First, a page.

IT Security News

  • Conti Ransomware Group Diaries, Part I: Evasion

    A Ukrainian security researcher this week leaked several years of internal chat logs and other sensitive data tied to Conti, an aggressive and ruthless Russian cybercrime group that focuses on deploying its ransomware to companies with more than $100 million in annual revenue. The chat logs offer a fascinating glimpse into the challenges of running a sprawling criminal enterprise with more than 100 salaried employees. The records also provide insight into how Conti has dealt with its own internal breaches and attacks from private security firms and foreign governments.

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  • Russia Sanctions May Spark Escalating Cyber Conflict

    President Biden joined European leaders this week in enacting economic sanctions against Russia in response its military invasion of Ukraine. The West has promised tougher sanctions are coming, but experts warn these will almost certainly trigger a Russian retaliation against America and its allies, which could escalate into cyber attacks on Western financial institutions and energy infrastructure.

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  • IRS: Selfies Now Optional, Biometric Data to Be Deleted

    The U.S. Internal Revenue Service (IRS) said Monday that taxpayers are no longer required to provide facial scans to create an account online at irs.gov. In lieu of providing biometric data, taxpayers can now opt for a live video interview with ID.me, the privately-held Virginia company that runs the agency's identity proofing system. The IRS also said any biometric data already shared with ID.me would be permanently deleted over the next few weeks, and any biometric data provided for new signups will be destroyed after an account is created.

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  • Report: Missouri Governor’s Office Responsible for Teacher Data Leak

    Missouri Governor Mike Parson made headlines last year when he vowed to criminally prosecute a journalist for reporting a security flaw in a state website that exposed personal information of more than 100,000 teachers. But Missouri prosecutors now say they… Read More »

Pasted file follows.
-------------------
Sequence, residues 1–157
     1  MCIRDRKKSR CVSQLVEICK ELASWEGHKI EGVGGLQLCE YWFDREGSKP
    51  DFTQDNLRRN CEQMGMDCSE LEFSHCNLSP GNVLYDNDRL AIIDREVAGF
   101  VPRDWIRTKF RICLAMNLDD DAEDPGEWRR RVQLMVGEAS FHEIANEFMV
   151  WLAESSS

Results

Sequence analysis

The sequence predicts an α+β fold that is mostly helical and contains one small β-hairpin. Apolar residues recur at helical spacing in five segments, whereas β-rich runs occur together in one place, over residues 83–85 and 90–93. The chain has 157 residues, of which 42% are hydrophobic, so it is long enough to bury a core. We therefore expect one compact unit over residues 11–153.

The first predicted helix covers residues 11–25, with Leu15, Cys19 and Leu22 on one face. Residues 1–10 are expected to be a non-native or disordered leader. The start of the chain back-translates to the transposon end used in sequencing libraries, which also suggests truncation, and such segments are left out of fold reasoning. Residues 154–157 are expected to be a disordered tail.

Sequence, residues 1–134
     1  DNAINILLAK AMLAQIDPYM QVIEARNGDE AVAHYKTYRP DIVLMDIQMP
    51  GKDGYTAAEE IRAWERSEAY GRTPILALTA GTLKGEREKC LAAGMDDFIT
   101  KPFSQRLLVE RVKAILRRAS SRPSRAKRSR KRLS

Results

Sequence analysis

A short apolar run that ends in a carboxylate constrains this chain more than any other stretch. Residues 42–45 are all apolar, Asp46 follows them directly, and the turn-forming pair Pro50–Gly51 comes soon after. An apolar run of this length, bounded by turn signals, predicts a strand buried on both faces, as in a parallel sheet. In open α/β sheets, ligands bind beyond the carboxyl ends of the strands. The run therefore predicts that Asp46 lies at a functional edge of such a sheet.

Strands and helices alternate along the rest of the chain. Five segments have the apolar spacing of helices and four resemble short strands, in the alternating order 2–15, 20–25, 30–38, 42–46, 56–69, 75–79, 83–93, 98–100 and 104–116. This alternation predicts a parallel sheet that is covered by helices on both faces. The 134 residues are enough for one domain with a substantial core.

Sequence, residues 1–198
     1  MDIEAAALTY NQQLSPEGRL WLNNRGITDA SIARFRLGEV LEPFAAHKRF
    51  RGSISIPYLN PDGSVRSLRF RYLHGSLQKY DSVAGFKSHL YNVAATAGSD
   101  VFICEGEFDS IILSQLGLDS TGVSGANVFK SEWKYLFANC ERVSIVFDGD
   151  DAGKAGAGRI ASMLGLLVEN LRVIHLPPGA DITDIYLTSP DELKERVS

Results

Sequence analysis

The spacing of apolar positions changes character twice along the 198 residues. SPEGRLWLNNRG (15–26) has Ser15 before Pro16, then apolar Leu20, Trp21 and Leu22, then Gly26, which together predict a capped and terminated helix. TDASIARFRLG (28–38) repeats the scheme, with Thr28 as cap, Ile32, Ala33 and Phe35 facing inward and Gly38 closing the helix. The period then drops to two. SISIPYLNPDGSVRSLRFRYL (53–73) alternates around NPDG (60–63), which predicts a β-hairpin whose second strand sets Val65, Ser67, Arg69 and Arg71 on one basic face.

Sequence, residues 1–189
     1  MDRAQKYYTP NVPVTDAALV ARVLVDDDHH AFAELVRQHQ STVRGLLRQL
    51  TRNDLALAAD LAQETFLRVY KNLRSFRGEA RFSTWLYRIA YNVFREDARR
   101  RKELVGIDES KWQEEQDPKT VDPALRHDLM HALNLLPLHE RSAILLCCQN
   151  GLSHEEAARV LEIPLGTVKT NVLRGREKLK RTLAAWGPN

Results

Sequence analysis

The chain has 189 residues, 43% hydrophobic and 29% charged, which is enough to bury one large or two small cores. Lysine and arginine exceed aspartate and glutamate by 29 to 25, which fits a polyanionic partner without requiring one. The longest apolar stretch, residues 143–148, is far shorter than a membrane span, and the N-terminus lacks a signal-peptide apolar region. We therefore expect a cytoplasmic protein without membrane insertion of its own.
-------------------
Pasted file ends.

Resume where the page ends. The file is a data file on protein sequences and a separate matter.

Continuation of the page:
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  • Red Cross Hack Linked to Iranian Influence Operation?

    A network intrusion at the International Committee for the Red Cross (ICRC) in January led to the theft of personal information on more than 500,000 people receiving assistance from the group. KrebsOnSecurity has learned that the email address used by a cybercriminal actor who offered to sell the stolen ICRC data also was used to register multiple domain names the FBI says are tied to a sprawling media influence operation originating from Iran.

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  • Wazawaka Goes Waka Waka

    In January, KrebsOnSecurity examined clues left behind by "Wazawaka," the hacker handle chosen by a major ransomware criminal in the Russian-speaking cybercrime scene. Wazawaka has since "lost his mind" according to his erstwhile colleagues, creating a Twitter account to drop exploit code for a widely-used virtual private networking (VPN) appliance, and publishing bizarre selfie videos taunting security researchers and journalists. In last month's story, we explored clues that led from Wazawaka's multitude of monikers, email addresses, and passwords to a 30-something father in Abakan, Russia named Mikhail Pavlovich Matveev. This post concerns itself with the other half of Wazawaka's identities not mentioned in the first story, such as how Wazawaka also ran the Babuk ransomware affiliate program, and later became "Orange," the founder of the ransomware-focused Dark Web forum known as "RAMP."

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  • Russian Govt. Continues Carding Shop Crackdown

    Russian authorities have arrested six men accused of operating some of the most active online bazaars for selling stolen payment card data. The crackdown -- the second closure of major card fraud shops by Russian authorities in as many weeks -- comes closely behind Russia's arrest of 14 alleged affiliates of the REvil ransomware gang, and has many in the cybercrime underground asking who might be next.

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